Plans could include allowing part of the money to support a public-private partnership to build a new Rosslyn Metro station or to construct a wider Long Bridge that carries trains over the Potomac.
WASHINGTON — State leaders are proposing changes to the use of toll revenue from Interstate 66 inside the Capital Beltway.
These potential plans could include allowing part of the money to support a public-private partnership to build a new Rosslyn Metro station or to construct a new, wider Long Bridge that carries CSX, Amtrak and Virginia Railway Express trains over the Potomac between Arlington and D.C.
The Northern Virginia Transportation Commission is now scheduled to take up the proposal next month that would allow the toll money to cover debt service or other payments for the CSX bridge and/or improvements at the Rosslyn Metro station.
The District Department of Transportation is the lead agency for the Long Bridge replacement and is scheduled to present a narrowed-down and amended list of alternatives for the project at a public meeting on Thursday. The bridge could be widened from two tracks to four and could also include a new walkway or bike path.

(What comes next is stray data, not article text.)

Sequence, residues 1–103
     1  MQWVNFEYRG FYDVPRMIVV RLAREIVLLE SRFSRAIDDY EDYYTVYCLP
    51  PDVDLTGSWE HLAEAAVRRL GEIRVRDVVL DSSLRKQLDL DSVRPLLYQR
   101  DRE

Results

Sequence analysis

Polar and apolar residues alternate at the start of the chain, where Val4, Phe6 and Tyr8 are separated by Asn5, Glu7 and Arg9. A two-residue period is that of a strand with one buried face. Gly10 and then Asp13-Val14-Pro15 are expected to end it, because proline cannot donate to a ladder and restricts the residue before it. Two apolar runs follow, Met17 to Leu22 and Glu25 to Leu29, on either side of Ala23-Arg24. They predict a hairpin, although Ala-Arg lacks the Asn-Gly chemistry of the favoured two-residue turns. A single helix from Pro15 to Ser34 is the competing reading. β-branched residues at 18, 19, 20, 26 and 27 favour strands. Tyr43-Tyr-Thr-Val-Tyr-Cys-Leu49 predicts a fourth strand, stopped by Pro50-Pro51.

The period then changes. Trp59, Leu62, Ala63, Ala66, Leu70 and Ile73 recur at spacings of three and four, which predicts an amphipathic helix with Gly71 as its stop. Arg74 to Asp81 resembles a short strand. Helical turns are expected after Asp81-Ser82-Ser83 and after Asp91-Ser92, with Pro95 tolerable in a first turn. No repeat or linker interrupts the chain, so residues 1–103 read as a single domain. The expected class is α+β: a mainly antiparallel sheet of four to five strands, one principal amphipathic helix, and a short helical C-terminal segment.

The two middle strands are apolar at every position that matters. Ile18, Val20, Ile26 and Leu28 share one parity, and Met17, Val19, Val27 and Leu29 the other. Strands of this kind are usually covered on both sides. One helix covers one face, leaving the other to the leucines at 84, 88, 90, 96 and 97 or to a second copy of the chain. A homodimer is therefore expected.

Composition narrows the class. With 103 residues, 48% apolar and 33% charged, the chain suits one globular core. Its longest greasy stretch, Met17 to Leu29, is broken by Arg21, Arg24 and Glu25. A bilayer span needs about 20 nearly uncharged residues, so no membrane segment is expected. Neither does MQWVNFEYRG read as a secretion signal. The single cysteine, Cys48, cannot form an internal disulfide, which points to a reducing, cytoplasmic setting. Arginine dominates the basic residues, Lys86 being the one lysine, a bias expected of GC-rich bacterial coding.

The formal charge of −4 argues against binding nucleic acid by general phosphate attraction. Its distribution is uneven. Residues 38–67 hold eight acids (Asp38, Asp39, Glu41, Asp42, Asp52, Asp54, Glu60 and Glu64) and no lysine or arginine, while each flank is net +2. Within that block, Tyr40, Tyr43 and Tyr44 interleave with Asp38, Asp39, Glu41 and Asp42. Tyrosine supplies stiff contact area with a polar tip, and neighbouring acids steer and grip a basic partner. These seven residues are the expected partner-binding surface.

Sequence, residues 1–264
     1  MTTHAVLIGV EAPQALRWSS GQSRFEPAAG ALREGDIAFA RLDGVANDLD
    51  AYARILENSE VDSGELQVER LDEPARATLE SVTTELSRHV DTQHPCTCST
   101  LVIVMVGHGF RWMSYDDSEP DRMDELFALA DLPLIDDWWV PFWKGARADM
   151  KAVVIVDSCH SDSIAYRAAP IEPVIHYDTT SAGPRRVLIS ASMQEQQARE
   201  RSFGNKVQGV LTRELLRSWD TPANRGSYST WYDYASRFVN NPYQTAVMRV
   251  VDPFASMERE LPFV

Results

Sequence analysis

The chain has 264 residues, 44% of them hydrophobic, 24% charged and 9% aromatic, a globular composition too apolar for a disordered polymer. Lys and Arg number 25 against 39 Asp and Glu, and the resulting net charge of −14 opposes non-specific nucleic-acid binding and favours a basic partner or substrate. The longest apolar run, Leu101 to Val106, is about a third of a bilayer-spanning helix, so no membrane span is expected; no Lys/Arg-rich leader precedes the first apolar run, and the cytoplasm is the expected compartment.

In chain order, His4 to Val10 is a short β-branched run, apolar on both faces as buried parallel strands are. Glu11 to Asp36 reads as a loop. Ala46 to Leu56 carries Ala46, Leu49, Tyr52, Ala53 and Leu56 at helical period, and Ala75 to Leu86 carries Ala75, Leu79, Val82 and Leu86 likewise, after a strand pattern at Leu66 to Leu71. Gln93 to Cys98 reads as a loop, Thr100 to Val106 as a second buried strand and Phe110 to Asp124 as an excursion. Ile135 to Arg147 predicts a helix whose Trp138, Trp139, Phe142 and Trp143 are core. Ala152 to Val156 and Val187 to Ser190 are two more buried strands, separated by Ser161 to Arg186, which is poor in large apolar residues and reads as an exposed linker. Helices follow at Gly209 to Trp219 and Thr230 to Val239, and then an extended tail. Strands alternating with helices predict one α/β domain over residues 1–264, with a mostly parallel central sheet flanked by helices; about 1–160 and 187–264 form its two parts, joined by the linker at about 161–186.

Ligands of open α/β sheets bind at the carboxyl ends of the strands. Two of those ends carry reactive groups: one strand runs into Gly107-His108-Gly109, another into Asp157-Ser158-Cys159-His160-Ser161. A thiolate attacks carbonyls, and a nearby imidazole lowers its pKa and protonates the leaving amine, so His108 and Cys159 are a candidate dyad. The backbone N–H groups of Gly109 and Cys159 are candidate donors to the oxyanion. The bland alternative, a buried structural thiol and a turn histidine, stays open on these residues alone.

Virginia’s toll revenue proposal would continue to fund the I-66 corridor transit programs meant to provide alternatives for solo drivers who want to avoid the rush-hour tolls.
Under the new amendment to the 40-year toll-revenue agreement, that revenue dedicated to the alternatives would be allowed to pay for operating costs rather than just capital costs, such as the purchase of new buses.
One of those new routes, the Fairfax Connector 699 express between the Fairfax County Government Center and Foggy Bottom, saw 98 riders last Thursday, an average of about 8 riders per trip. Fairfax Connector charges $4.25 for the route, and county transportation Director Tom Besiadny expects ridership to grow to at least 25 riders per trip in coming months since the route only began last Monday.
“One week is really not enough to make any formal conclusions … it will take some time for commuters to try out what their options are and settle on an option that works best for them,” Besiadny said.
Under the revised toll-revenue agreement, Virginia would promise a minimum of $10 million per year for the transit options, increasing by 2.5 percent each year to account for inflation.
After that revenue and the costs of operating the tolls, the next projects in line for funding would become the costs and debt service of the new Potomac crossing or a new Metro station or platform in Rosslyn.
By including those two projects in the agreement, the projects could qualify for better bond ratings than if the money were to be allocated later.
Any toll money beyond the toll operations costs, transit options and new bridge or station, would cover debt service for any of the transit options, and repaying money borrowed upfront to launch the transit as tolls began. Any money still remaining would fund additional transportation choices.
The final language of the agreement has not been finalized, but is expected to be approved in January.
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